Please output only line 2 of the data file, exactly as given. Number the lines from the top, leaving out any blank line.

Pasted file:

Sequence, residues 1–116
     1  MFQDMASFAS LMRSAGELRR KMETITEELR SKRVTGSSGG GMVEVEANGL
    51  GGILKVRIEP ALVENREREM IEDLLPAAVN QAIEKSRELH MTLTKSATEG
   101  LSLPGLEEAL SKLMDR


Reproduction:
     1  MFQDMASFAS LMRSAGELRR KMETITEELR SKRVTGSSGG GMVEVEANGL